Over 10,000 people have committed themselves to advocate for girl child education across the country.
The campaign, Amaboko Hejuru, is part of a global four-year campaign dubbed 'Because I am a Girl' which is championed by Plan International. It is aimed at reducing barriers to girl child education.
At the conclusion of a seven-day sensitization exercise in Gatsibo, volunteers asked residents to join the campaign by committing through written statements to help eradicate barriers to girl child education.
According to Katherine Nichol, a Gender Specialist, Plan International, the campaign was part of the preparations for the International Day of the Girl Child slated for October 11.
Nichol told The New Times that the seven days they spent in the campaign around the country was amazing, adding that it gave hope for the future of a Rwandan girl.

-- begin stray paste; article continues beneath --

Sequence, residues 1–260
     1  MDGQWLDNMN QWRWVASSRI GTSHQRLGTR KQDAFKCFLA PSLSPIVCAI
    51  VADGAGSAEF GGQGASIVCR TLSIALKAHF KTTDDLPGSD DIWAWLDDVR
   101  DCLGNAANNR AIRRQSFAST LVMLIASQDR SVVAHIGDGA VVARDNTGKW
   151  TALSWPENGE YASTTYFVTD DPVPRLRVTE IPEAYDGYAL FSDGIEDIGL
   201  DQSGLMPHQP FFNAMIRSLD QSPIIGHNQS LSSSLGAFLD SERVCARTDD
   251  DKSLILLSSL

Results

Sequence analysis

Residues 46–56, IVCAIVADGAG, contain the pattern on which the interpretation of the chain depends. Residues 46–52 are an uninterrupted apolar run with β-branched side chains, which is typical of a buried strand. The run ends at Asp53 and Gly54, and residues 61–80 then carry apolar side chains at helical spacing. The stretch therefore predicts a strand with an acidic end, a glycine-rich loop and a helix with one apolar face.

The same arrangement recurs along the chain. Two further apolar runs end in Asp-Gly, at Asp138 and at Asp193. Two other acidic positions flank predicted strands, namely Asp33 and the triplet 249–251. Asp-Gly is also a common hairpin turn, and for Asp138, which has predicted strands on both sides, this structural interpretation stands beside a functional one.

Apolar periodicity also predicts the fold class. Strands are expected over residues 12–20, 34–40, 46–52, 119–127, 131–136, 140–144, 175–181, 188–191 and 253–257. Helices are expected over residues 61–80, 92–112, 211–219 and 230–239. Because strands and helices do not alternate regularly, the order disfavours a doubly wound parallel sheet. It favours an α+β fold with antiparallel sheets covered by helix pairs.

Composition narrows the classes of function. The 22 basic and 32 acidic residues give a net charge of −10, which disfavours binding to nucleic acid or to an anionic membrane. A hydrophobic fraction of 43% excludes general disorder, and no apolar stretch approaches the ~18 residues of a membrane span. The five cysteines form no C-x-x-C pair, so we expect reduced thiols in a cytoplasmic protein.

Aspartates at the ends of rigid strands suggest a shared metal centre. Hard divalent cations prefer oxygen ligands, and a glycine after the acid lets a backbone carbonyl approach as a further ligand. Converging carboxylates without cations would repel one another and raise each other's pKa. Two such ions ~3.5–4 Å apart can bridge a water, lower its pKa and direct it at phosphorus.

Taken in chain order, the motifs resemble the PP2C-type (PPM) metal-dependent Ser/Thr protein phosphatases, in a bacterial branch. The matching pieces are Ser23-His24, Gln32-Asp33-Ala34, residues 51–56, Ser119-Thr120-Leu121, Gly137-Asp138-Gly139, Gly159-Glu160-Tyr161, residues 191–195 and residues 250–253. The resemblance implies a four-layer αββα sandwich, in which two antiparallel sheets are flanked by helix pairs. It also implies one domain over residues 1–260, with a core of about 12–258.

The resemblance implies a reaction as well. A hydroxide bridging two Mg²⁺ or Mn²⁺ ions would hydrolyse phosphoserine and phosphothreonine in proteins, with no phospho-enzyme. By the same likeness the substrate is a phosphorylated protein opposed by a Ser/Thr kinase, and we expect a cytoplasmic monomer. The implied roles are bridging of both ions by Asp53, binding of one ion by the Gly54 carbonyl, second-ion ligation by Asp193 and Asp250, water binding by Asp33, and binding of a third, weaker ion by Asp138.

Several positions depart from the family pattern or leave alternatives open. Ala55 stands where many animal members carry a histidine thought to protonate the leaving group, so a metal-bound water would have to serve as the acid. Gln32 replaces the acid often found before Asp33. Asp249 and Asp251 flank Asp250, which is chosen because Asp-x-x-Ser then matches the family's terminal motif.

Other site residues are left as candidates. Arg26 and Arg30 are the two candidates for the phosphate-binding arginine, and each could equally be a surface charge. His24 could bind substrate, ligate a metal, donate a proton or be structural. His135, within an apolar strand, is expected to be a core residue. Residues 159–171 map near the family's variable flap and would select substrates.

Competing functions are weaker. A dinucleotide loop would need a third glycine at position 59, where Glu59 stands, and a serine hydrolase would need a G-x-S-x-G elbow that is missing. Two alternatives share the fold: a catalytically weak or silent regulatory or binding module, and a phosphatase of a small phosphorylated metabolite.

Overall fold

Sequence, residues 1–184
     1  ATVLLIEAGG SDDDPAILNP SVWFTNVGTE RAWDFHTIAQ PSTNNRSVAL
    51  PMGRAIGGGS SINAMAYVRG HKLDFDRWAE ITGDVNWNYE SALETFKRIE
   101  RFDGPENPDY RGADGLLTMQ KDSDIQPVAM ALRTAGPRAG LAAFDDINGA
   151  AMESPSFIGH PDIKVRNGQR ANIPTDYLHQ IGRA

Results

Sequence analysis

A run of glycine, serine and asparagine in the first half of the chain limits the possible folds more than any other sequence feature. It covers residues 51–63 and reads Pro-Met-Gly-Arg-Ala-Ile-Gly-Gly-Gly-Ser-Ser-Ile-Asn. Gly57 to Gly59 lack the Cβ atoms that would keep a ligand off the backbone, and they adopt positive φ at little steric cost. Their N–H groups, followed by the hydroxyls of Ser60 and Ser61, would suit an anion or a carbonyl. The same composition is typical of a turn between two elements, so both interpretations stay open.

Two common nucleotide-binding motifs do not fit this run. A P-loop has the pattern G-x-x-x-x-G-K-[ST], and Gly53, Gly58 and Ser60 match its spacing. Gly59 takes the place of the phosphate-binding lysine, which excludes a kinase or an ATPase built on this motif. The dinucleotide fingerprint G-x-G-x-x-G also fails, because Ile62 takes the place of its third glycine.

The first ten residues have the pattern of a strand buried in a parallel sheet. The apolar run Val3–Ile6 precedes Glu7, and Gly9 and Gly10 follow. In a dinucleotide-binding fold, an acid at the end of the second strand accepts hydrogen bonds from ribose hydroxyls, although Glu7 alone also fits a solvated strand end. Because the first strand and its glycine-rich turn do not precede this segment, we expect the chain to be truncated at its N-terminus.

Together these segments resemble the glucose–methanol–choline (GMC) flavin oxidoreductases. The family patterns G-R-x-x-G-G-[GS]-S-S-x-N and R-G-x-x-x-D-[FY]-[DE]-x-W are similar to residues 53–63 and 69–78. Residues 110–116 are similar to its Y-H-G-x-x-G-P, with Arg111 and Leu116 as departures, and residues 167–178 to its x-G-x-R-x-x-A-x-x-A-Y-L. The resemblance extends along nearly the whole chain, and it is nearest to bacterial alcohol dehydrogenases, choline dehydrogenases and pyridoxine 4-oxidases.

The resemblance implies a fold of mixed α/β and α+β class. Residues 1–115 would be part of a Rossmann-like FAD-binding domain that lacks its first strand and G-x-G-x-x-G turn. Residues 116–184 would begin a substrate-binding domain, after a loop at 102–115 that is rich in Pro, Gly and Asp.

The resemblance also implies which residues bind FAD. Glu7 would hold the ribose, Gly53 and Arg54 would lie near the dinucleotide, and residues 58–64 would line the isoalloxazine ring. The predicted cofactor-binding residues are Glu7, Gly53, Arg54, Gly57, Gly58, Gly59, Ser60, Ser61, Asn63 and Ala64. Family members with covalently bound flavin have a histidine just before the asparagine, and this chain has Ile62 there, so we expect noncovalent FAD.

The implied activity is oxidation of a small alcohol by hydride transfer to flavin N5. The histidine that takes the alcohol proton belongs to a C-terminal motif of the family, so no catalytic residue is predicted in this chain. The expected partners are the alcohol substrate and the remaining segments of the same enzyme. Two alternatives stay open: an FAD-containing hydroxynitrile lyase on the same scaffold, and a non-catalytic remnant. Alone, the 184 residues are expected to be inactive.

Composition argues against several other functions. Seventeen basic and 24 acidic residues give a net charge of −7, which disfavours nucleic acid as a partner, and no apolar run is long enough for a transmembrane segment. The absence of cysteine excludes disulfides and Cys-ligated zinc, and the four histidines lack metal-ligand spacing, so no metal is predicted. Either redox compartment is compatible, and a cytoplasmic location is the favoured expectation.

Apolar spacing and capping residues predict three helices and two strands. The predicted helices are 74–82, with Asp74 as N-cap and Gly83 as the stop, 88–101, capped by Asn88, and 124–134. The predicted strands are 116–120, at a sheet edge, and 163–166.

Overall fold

"People were receptive and eager to speak of their personal experience ... they want a change that would see a girl child into education. This is the bottom line," she said.
"There is gender inequality all around the world, and Rwanda is not immune...however, the difference is that Rwanda is doing relatively well in forging a change," she said.
According to Nichol, giving a girl-child education is a question of justice that the world will never escape.
Margareta Mukakibibi, 46, a mother of four boys and two girls, said the sensitisation was still needed, noting that traditional beliefs still stood in the way of a girl-child education.
He said that such campaigns should be heightened in rural areas, where traditional beliefs were deep-rooted.
"We must be sincere to ourselves...we all understand that it's good to send a girl-child to school, but we still have beliefs that a boy should get priority. It is a sad reality that girls do most of domestic chores and are left with little time for school, unlike boys," she lamented,
Plan International has been working in Rwanda since 2007.